Open Accessibility Menu
Hide

Lung Cancer, COPD, or Emphysema? How to Tell

Because many diseases share the same symptoms, one can often disguise another, making their diagnosis and treatment more difficult. Unraveling the tangled knot of symptoms that are shared between emphysema, chronic obstructive pulmonary disease (COPD), and lung cancer can be particularly challenging, but also critically important. That’s because the symptoms of emphysema can easily conceal COPD, and COPD can conceal the presence of lung cancer.

Although slipping from emphysema to COPD is usually not a drastic decline in health, early detection of lung cancer is critical for increasing your treatment options and improving your prognosis. Below you can learn everything you need to know about the differences between these illnesses, and how you can spot red flag symptoms early on.

COPD vs. Emphysema

COPD is actually an umbrella term to describe people¬†who suffer from both chronic bronchitis and emphysema. While it’s possible to suffer from just one or the other, those with COPD present with a combination of symptoms of both. ¬†Having both diseases is common because they typically develop together, producing very similar symptoms. As bronchitis causes the airways to swell up, reducing the size of passages for air, emphysema exasperates this problem by reducing the elasticity of our lungs, making it more difficult to expel carbon dioxide and inhale fresh oxygen.

The symptoms of emphysema include chronic cough, wheezing, shortness of breath, fatigue, muscle weakness, difficulty sleeping, unintentional weight loss, chest discomfort, and anxiety. Although bronchitis also causes many of these symptoms, it also produces a variety of differently-colored mucus, and a mild fever. If you have either of these symptoms in addition to emphysema, it’s probable that you also suffer from bronchitis and therefore COPD.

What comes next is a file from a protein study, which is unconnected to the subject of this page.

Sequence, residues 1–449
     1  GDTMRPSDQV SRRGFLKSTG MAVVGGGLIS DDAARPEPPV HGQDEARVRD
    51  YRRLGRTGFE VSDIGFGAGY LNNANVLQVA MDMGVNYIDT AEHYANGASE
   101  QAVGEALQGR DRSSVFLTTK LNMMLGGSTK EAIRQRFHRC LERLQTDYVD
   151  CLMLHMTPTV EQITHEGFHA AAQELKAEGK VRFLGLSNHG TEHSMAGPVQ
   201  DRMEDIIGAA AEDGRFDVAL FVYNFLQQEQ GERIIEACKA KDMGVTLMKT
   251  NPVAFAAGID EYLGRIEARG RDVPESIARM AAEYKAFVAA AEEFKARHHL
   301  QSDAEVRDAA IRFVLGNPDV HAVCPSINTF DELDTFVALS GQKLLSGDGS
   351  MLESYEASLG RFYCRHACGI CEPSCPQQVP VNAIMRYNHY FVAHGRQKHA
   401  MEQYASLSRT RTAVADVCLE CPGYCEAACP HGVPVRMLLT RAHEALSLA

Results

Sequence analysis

Lung Cancer and COPD

Like with the relationship between emphysema and COPD, there’s an intimate relationship between COPD and lung cancer. This is because all three conditions share similar risk factors and even many of the same symptoms. In fact, apart from smoking, suffering from COPD is the leading risk factor for lung cancer, with more than half of all lung cancer patients suffering from preexisting COPD. That’s why it’s critical for anyone who suffers from COPD to be vigilant about monitoring their health for the appearance of lung cancer.

Some of the signs of lung cancer include changes to the voice, especially when they cause it to sound hoarse. It’s common to find harsh sounds while breathing, coughing up blood, or blood in your mucus. Lung cancer also manifests many symptoms outside of the lungs, including blood clots, bleeding, facial swelling, memory loss, bone fractures, joint pain, headaches, and muscle wasting. If you suffer from COPD and you have any of these symptoms, it would be prudent to consult your doctor.

Ask Your Doctor

Many conditions — such as a common cold — can be safely diagnosed at home without the use of a doctor. This does not include emphysema, COPD, and lung cancer. You should always check with your doctor, especially if you believe you or your loved ones may be experiencing early symptoms of lung cancer. When it comes to cancer, early detection can often make all the difference.

Categories